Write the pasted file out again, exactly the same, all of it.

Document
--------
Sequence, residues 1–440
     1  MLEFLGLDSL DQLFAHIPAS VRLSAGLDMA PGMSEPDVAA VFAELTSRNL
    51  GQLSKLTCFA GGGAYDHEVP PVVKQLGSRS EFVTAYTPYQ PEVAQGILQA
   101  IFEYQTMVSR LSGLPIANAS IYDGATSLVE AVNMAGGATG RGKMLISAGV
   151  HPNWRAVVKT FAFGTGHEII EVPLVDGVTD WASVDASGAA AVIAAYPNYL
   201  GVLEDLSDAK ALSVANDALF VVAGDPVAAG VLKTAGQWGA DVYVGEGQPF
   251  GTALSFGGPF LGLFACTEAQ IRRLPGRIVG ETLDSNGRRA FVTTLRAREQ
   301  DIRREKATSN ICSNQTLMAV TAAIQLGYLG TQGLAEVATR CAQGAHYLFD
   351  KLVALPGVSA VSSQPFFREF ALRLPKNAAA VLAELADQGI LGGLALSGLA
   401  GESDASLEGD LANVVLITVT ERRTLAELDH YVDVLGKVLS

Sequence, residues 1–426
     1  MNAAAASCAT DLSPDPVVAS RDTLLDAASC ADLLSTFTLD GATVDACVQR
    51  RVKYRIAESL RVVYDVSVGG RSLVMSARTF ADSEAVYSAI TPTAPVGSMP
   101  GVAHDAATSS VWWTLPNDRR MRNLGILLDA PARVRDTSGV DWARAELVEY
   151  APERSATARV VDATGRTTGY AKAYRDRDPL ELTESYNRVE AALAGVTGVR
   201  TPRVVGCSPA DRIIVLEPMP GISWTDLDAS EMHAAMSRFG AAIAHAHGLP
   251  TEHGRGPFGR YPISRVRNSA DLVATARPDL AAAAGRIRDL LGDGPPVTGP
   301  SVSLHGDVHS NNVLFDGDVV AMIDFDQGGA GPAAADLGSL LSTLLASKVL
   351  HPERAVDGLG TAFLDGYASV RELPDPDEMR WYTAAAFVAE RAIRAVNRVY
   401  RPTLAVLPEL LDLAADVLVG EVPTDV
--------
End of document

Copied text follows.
Sequence, residues 1–440
     1  MLEFLGLDSL DQLFAHIPAS VRLSAGLDMA PGMSEPDVAA VFAELTSRNL
    51  GQLSKLTCFA GGGAYDHEVP PVVKQLGSRS EFVTAYTPYQ PEVAQGILQA
   101  IFEYQTMVSR LSGLPIANAS IYDGATSLVE AVNMAGGATG RGKMLISAGV
   151  HPNWRAVVKT FAFGTGHEII EVPLVDGVTD WASVDASGAA AVIAAYPNYL
   201  GVLEDLSDAK ALSVANDALF VVAGDPVAAG VLKTAGQWGA DVYVGEGQPF
   251  GTALSFGGPF LGLFACTEAQ IRRLPGRIVG ETLDSNGRRA FVTTLRAREQ
   301  DIRREKATSN ICSNQTLMAV TAAIQLGYLG TQGLAEVATR CAQGAHYLFD
   351  KLVALPGVSA VSSQPFFREF ALRLPKNAAA VLAELADQGI LGGLALSGLA
   401  GESDASLEGD LANVVLITVT ERRTLAELDH YVDVLGKVLS

Sequence, residues 1–426
     1  MNAAAASCAT DLSPDPVVAS RDTLLDAASC ADLLSTFTLD GATVDACVQR
    51  RVKYRIAESL RVVYDVSVGG RSLVMSARTF ADSEAVYSAI TPTAPVGSMP
   101  GVAHDAATSS VWWTLPNDRR MRNLGILLDA PARVRDTSGV DWARAELVEY
   151  APERSATARV VDATGRTTGY AKAYRDRDPL ELTESYNRVE AALAGVTGVR
   201  TPRVVGCSPA DRIIVLEPMP GISWTDLDAS EMHAAMSRFG AAIAHAHGLP
   251  TEHGRGPFGR YPISRVRNSA DLVATARPDL AAAAGRIRDL LGDGPPVTGP
   301  SVSLHGDVHS NNVLFDGDVV AMIDFDQGGA GPAAADLGSL LSTLLASKVL
   351  HPERAVDGLG TAFLDGYASV RELPDPDEMR WYTAAAFVAE RAIRAVNRVY
   401  RPTLAVLPEL LDLAADVLVG EVPTDV